Cycnos | Volume 10 n°1 NABOKOV : Autobiography, Biography and Fiction - 

Introduction

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1This special issue of Cycnos  presents the proceedings of the Nice conference on Nabokov which was held at the “Faculté des Lettres, Arts et Sciences Humaines” on June 24, 25 and 26 1992 under the auspices of the CRELA (Centre de Recherche sur les Ecritures de Langue Anglaise). It was the third international conference on Nabokov after the Yale conference organized by Vladimir E. Alexandrov, and the Moscow conference, and it brought together some of the best specialists on this author.

2The topic I selected for this conference, “Autobiography, Biography and Fiction,” was dictated by a number of circumstances, the main one being of course the recent publication of Brian Boyd’s monumental biography of Nabokov which, at last, provides the specialists and the general public with reliable data concerning Nabokov’s private and public life. I also wanted a topic that would suit the majority of the participants, both the specialists in Slavic studies who have often provided very useful annotations of Nabokov’s works, and the specialists in English or Comparative Literature who have generally been more concerned with textual analysis or genre study. It also seemed a good idea to choose such a topic considering the fact that Nabokov lived in Nice or on the French Riviera at various periods of his life and that he abundantly described this part of the world in his novels, especially in Glory, Laughter in the Dark, The Real Life of Sebastian Knight, Lolita, Pale Fire, Ada  and Look at the Harlequins!  For him, this was something like a second-best dreamland after Vyra.

3It may also be time to rehabilitate the author, one way or the other. Ten years ago, William Gass, once a great admirer of Nabokov, delivered the following diatribe in the very room where the present conference was held:

Yet when readers read as if the words on the page were only fleeting visual events, and not signs to be sung inside themselves — so that the author’s voice is stilled — the author’s hand must reach out into the space of the page and put a print upon it that will be unmistakable, uneradicable. With lipstick, perhaps. And if, in their new-found yet unearned annoyance, the critics ululate at the death of the author — one more god gone — we shall merely remind them that we were never myths, rode our lovers to death long since, and before they drew breath, and shall henceforth create texts so intelligent they will read themselves.1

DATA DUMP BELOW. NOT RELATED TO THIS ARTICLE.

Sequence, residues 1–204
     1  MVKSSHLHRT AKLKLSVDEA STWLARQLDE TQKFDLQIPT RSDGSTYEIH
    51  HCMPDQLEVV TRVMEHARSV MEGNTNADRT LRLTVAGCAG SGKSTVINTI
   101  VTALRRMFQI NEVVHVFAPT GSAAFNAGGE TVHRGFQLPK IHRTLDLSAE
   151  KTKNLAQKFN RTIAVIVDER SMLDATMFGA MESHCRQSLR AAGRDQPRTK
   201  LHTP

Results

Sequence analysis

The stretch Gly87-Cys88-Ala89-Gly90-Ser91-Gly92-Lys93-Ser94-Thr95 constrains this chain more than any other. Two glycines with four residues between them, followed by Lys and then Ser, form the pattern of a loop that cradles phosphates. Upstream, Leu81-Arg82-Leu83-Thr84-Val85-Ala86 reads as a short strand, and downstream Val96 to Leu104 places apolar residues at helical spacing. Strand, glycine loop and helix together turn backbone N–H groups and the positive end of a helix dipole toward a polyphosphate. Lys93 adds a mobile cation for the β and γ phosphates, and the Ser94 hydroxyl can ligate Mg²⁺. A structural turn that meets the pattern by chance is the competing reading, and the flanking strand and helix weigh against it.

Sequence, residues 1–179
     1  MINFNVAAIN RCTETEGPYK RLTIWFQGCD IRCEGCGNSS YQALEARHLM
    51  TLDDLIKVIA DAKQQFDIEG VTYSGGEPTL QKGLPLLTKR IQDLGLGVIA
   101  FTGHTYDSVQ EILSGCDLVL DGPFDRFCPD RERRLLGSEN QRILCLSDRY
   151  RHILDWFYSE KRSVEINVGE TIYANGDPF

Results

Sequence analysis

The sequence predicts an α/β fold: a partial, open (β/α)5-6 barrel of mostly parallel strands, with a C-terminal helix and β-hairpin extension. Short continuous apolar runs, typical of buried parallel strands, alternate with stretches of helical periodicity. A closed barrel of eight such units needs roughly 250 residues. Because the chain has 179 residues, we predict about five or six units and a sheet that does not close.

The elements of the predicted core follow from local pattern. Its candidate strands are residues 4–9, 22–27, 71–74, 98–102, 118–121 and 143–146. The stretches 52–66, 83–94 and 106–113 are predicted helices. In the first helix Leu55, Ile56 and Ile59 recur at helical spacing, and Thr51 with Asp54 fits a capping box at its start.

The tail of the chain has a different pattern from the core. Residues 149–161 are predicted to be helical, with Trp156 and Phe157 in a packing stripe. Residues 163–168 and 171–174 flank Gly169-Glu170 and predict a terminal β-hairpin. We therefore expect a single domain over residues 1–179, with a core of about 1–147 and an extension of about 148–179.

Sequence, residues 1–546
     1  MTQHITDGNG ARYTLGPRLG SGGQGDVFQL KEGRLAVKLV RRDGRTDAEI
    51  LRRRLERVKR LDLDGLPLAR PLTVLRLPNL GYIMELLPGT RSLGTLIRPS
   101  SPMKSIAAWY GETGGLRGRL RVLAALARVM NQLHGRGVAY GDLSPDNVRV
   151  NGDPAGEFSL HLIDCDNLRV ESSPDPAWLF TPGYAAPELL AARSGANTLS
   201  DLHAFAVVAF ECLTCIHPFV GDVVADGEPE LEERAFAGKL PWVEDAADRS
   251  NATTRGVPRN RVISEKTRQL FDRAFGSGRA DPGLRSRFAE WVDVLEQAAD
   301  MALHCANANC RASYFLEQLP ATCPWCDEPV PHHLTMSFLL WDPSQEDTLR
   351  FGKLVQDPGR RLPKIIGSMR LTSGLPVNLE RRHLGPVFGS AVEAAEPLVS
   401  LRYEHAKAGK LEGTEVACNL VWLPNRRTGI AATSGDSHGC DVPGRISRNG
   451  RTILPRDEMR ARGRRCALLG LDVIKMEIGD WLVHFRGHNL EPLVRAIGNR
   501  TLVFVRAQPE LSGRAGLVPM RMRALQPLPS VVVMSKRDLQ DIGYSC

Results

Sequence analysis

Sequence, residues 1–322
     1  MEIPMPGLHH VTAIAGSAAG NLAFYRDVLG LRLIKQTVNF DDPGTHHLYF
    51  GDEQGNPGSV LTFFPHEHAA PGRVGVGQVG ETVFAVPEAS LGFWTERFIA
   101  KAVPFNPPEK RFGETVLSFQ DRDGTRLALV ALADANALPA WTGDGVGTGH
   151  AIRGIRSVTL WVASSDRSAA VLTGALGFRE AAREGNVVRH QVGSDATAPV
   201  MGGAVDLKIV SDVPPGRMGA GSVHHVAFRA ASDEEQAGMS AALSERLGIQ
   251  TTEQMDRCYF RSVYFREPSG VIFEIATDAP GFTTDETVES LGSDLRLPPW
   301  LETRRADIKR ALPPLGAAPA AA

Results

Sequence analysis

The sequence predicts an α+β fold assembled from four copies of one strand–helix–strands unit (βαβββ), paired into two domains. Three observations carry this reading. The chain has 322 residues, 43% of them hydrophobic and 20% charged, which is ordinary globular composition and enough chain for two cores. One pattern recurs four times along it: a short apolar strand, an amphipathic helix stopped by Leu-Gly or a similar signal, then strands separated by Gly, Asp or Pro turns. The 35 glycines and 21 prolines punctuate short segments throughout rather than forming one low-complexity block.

4It is true that the structuralists and the deconstructionists have more or less supplanted the author in their criticism, especially when studying complex works like those of Joyce, the Nouveau Roman,  or so-called postmodernist fiction which seem to defy our understanding and to leave us no choice but to impose our own critical discourse upon them, our own text. Yet, the novel remains an interface, as I have tried to show in Textual Communication,  and it brings together two real persons, sometimes centuries apart, the author and the reader.2

5Though Nabokov was very secretive and refused to understand that his readers could be interested in him as a person when they should only be concerned with his books, it is clear that when we read his novels we establish with him a kind of paradoxical communication that he has cleverly programmed. This communication is paradoxical because the novel as a genre always involves in my opinion an element of bad faith, and Nabokov was the most skillful handler of the genre. There is probably an element of bad faith also in his interviews, and particularly in his critical statements about Humbert or Van Veen. The debate that took place on this subject during the conference testifies to Nabokov’s ability to “reach out into the space of the page” without allowing his readers to have access to him.

6The conference had its great moments, when for instance Dmitri Nabokov, whose discreet presence and participation was very stimulating for all the participants, read an unpublished poem of his father that he had translated, or again when Michael Meylakh talked almost apologetically about his years in the Goulag because of his literary preferences, or again when a butterfly flew briefly into the conference room. Yet, we all missed the presence of Gilles Barbedette who, in his too brief lifetime, did so much for the Nabokov studies in France.

7I must thank the “Faculté des Lettres, Arts et Sciences Humaines,” the English Department and the “Centre de la Métaphore” for making this conference posssible, and the “Bibliothèque Universitaire” for hosting it. I am also very grateful to the American Embassy in Paris for covering partial publication costs of these proceedings.

Notes de bas de page numériques

1 William Gass, "Tropes of the Text," in Representation and Performance in Postmodern Fiction, ed. Maurice Couturier (Montpellier: Delta, 1983), p. 41.
2 Maurice Couturier, Textual Communication: A Print-Based Theory of the Novel  (London and New York: Routledge, 1991). I take up this theory at greater length in my forthcoming book, Nabokov, ou la tyrannie de l'auteur  (Paris: Le Seuil, collection "Poétique", spring 1993).

Pour citer cet article

« Introduction », paru dans Cycnos, Volume 10 n°1, mis en ligne le 12 juin 2008, URL : http://revel.unice.fr/cycnos/index.html?id=1278.


Directeurs de la publication

Maurice Couturier